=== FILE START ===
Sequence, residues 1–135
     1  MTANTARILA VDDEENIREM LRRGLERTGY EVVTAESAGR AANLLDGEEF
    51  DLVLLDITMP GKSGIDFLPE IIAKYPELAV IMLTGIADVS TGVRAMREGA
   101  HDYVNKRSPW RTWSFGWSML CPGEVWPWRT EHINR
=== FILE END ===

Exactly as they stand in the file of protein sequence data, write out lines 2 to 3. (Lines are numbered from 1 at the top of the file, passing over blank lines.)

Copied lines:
     1  MTANTARILA VDDEENIREM LRRGLERTGY EVVTAESAGR AANLLDGEEF
    51  DLVLLDITMP GKSGIDFLPE IIAKYPELAV IMLTGIADVS TGVRAMREGA